Hours: Mon.-Wed. 11 a.m.-10 p.m.; Thu.-Fri. 11 a.m.-11 p.m.; Sat. noon-11 p.m.; Sun. noon-9 p.m.
Prices: Appetizers $4-8; entrees $6-10
Atmosphere: Understated contemporary
Liquor: Full bar
"Foreign food" is a broad term, encompassing not only myriad cuisines but also more than one approach to preparing them. At the most authentic end of the spectrum are those ethnic establishments run by recent immigrants to serve their compatriots a taste of home -- and the rest of us a tantalizing taste of the exotic. Others feature a modified menu tailored to local palates and readily available ingredients. And then there are those cuisines -- Chinese and Mexican spring to mind -- that have been made so safe for the food courts that many an enterprising restaurateur who has never set fork in the country in question has devised his or her own homage, with varyingly sincere results.
We don't dismiss any of these approaches out of hand, having had fine meals at some of the most loosely interpreted foreign restaurants as well as some of the most authentic. The key, we've found, is knowing which end of the spectrum you're dining on before the food arrives, so that your expectations are in sync with your meal.
At South Side's Iguana Grill, our first clue was the chronic misspelling of "chili" throughout the menu. Here, Mexican is more of a theme than an actual ethnicity. And so in place of first-hand familiarity with south-of-the-border cooking, we found mostly well-considered interpretations of Mexican standards so assimilated they have practically become American: burritos, quesadillas, fajitas and enchiladas. In addition, Iguana Grill serves up some outstanding versions of truly American fare, such as potato chips and wings.
Served with an excellent creamy, chunky bleu cheese dressing, the homemade potato chips were brown, light and crisp, and dusted with just enough seasoning to offset the flavor of frying, nut not so much as to inflict a mouthful of spice mix. Homemade tortilla chips, alas, were nothing special, though the salsa served with them contained sautéed onions, resulting in an appealing, subtle sweetness.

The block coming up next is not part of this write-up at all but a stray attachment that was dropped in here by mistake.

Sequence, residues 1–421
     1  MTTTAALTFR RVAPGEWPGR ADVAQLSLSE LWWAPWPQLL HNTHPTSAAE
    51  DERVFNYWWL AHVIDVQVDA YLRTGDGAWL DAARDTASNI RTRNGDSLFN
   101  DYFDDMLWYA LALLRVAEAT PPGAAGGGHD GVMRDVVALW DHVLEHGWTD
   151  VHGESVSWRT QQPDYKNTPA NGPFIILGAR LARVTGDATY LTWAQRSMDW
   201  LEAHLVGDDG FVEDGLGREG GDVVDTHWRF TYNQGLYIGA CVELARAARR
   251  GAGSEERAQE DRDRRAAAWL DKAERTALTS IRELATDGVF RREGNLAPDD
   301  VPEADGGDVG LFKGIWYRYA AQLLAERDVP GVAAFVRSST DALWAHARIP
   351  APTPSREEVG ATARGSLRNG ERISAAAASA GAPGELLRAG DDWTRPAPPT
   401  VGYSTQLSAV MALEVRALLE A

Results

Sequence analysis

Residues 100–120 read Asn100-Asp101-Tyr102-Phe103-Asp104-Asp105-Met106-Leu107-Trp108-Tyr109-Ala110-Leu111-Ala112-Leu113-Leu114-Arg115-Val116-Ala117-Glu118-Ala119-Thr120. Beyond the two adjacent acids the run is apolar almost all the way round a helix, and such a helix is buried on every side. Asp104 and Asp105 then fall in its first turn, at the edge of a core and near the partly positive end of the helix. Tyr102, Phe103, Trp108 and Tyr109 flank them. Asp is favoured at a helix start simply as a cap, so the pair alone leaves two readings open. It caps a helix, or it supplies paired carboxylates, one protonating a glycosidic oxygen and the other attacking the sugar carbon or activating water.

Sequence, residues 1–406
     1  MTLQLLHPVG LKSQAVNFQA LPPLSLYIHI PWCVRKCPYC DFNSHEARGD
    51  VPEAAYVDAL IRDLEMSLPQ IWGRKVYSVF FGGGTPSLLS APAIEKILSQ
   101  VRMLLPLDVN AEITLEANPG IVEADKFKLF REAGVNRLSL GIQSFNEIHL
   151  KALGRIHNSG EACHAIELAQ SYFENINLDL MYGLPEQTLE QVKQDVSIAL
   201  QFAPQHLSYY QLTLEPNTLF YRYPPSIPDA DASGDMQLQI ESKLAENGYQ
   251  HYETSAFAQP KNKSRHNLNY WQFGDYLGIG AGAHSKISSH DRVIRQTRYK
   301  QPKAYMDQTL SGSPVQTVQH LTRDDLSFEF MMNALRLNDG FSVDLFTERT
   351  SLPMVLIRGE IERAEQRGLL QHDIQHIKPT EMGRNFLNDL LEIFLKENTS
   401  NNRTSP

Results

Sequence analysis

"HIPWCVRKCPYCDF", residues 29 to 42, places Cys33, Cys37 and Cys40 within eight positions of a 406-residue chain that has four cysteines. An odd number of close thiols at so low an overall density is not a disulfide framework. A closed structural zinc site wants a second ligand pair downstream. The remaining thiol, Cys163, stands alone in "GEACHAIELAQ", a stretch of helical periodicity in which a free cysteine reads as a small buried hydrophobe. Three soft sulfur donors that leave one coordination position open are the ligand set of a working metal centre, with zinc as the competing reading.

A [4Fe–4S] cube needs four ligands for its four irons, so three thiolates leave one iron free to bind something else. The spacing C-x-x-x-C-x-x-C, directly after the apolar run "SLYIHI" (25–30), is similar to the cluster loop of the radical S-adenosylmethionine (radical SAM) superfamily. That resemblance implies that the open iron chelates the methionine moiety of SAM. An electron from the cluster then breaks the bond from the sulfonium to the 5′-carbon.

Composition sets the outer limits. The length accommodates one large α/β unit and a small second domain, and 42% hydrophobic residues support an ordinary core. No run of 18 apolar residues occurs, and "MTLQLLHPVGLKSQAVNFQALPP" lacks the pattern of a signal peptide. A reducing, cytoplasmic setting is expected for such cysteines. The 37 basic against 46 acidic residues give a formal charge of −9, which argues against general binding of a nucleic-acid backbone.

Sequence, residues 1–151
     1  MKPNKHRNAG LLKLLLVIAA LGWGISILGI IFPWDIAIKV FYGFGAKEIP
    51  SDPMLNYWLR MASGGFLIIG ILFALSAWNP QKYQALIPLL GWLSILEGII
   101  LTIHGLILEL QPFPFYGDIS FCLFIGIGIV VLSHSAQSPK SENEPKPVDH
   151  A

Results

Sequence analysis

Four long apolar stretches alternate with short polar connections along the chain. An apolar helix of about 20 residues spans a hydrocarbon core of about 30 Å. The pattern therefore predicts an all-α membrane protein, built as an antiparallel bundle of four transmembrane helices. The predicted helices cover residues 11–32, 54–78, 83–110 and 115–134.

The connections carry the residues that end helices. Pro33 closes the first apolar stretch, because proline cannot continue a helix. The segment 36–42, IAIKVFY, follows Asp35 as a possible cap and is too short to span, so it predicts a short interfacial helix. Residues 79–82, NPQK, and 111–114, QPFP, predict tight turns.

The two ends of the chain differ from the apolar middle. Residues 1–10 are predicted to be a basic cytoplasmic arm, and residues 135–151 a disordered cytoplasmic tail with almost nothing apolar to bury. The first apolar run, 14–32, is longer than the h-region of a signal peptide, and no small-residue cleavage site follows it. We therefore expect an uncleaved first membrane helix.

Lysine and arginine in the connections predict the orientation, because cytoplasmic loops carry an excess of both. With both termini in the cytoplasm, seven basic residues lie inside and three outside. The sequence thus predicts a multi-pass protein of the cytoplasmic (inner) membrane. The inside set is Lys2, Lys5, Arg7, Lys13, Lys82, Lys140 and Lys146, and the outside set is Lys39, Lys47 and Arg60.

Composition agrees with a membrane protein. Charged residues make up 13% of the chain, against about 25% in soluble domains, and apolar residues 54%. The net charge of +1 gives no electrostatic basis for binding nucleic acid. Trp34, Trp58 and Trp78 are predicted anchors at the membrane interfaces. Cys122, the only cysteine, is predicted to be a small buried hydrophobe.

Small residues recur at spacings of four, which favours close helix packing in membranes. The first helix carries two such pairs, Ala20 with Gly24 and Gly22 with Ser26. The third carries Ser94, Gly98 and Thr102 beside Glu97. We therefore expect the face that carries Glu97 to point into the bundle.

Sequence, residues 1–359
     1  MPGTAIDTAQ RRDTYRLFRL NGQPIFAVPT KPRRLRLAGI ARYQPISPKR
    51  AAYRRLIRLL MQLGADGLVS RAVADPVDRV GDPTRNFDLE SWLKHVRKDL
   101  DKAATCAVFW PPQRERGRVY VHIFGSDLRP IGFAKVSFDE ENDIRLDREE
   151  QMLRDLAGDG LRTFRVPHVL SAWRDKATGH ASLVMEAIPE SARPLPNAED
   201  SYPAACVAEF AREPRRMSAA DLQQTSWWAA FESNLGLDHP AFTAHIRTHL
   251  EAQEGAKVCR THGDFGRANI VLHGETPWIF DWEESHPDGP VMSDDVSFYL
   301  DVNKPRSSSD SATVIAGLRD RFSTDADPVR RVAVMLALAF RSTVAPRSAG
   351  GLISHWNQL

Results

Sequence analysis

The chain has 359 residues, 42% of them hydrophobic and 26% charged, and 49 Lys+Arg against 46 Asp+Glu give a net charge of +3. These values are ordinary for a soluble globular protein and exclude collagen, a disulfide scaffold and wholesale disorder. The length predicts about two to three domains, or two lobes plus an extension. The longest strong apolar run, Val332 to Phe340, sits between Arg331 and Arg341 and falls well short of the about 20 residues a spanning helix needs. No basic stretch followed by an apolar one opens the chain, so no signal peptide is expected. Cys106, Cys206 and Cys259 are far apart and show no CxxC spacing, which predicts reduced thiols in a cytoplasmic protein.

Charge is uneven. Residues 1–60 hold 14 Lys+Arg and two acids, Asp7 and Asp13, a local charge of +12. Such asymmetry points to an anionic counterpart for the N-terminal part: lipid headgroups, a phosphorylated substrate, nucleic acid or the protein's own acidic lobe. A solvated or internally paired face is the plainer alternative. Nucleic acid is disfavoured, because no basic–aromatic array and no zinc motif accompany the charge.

Iguana Grill's wings met Jason's exacting standards: crisp skin, tender meat and sauce enough to cling to, not drown, the wings themselves. The tangy, spicy "Mexican Buffalo" sauce was thinner than a traditional Buffalo sauce, with a vinegar base that kept the flavor lively.
An enchilada aficionado, Angelique was not so pleased with Iguana Grill's interpretation of this Mexican classic. In place of savory shredded chicken, she got seasoningless morsels; in place of tender corn tortillas, tough ones parched by too long in the oven. A scant hand with the cheese left the entire concoction dry, despite being drizzled with an ancho pepper sauce that tasted to Angelique more like marinara.
In contrast, Jason's spicy pulled-pork burrito packed a satisfying wallop. At first the heat made the tender pork a bit hard to judge, but once Jason's taste buds settled down, they were pleased with the slow-cooked meat, studded with red and green peppers, as well as the black beans and Mexican rice in the wrap. As with the enchilada, the cheese wasn't exactly oozing from the package, but the pork's tangy sauce -- a cousin of the wing sauce -- kept things sufficiently moist. The biggest flaw was the truly meager portions of sour cream and guacamole, wrapped in the burrito where they heated up and lost their distinctive cooling balm.
Since most bars on the South Side dare not depart from Pittsburgh classics and clichés, we applaud the owners of Iguana Grill for boldly spicing things up -- literally and figuratively -- with an almost completely Mexican-derived menu. The results won't deceive anyone that they've wandered into a cantina, but that's OK -- there's a niche for Mexican prepared with an American accent, and that's good enough to make you want a cerveza on your next East Carson pub crawl.
Jason: 2.5 stars
Angelique: 2 stars